I SHOULD have caught James Blake, Emmylou Harris, Wu-Tang Clan, Sam Amidon and many more. But tearing round after Gabriel and our US record label cohorts Megan from Naxos and the boys from indie classical label Innova, or strolling more sedately the day after our gig, we simply dipped in and out of many a band. I got madly excited by Glasser, filling the rafters of the Central Presbyterian Church with her ice-cool voice in an opening unaccompanied folk song, but quickly got bored as it turned into a droney electro-bore. We hung around the British Music Embassy’s day parties quite a lot, and caught the likes of Jonquil, Dinosaur Pile-Up, thrash-thugs Pulled Apart By Horses (who in classic Brits-abroad style, were still drunk from the night before and apparently vomited copiously into the audience upon finishing, ha ha) and Little Comets, who were jingly-jangly guitar boys in the best sense, a sort of Geordie Vampire Weekend.
Outside of the Nonclassical night, there were two main highlights:

New Musical Crush no 1: Paper Bird
   Recommended to us by a Denver-based hipster DJ, our female trio radar was turned on full whack when we heard there were three singing girls in this band for said DJ’s afternoon party. And right scrumptious they were too, harmonies as sweet as mountain air, on top of quirky arrangements with trombone and rhythm section, irregular time signatures and handclaps lending them a touch of the Dirty Projectors-meets-Sufjan Stevens. Super-lovely.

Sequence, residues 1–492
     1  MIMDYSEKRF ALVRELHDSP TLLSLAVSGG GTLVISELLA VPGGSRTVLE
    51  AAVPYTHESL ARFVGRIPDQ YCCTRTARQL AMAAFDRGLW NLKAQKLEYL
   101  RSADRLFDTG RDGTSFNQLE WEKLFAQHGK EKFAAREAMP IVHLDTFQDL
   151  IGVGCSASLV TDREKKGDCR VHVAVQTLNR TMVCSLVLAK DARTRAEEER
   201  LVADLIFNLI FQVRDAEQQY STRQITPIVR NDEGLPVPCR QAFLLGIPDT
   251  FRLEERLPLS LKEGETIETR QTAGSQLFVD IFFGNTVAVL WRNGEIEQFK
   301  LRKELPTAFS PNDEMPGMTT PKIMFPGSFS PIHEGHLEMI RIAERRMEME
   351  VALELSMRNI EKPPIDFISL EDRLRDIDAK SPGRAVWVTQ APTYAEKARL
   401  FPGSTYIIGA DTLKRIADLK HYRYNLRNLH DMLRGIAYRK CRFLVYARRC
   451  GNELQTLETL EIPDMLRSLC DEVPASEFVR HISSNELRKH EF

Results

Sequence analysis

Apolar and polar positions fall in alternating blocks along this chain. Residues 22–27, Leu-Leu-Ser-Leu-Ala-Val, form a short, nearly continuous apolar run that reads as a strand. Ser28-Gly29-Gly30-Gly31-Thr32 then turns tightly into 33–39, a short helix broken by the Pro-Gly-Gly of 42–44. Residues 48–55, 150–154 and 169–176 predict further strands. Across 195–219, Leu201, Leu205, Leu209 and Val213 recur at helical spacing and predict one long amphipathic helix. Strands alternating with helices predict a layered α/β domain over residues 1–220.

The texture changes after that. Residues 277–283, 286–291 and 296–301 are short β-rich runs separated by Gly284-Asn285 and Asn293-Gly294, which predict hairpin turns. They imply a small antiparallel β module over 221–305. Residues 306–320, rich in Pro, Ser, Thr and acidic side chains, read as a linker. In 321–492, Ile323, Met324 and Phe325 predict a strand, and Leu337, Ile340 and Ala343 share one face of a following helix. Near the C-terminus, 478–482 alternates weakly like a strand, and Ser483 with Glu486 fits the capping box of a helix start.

New Musical Crush no. 2: David Thomas Broughton
   I had been meaning to catch DTB for a long time, hearing of his prowess with a loop station, but I wasn’t quite prepared for his highly-strung physical and gadget-theatre! On top of some cool experimental looping of his guitar and Antony Hegarty-like vocals, he bashed the mic against his head and the drum kit behind him, posed very strangely with elbows akimbo, used a Dictaphone and played rape alarms which he then attempted to eat. Irresistibly magnetic and bonkers, Sarah and I caught him afterwards to swoon, swap CDs and (hurrah!) agree that juice and he must collaborate sometime.
A lovely last day was ended with a stroll to SXSW’s unofficial fringe up on Congress, a dream-road of indie boutiques and thrift stores. We bumped into my ex-student (erk!) and many a Sound of 2011 star Jamie Woon, who was preparing to play his 5th gig at SXSW; so fab to see him becoming a star with his gorgeous brand of indie soulfulness. We were taken to Magnolia for a gluttonous night of blueberry pancakes drenched in maple syrup by our new Texan Mom And Dad; Kathy and Ron’s arty and supremely liberal vibe, dust-dry humour and ridiculous generosity was an invaluable part of our Texas trip. And now we plan to build on this and go back to unleash the anarchic a cappella Brit-sounds, in New York, in Chicago, in San Francisco; anywhere that'll have us...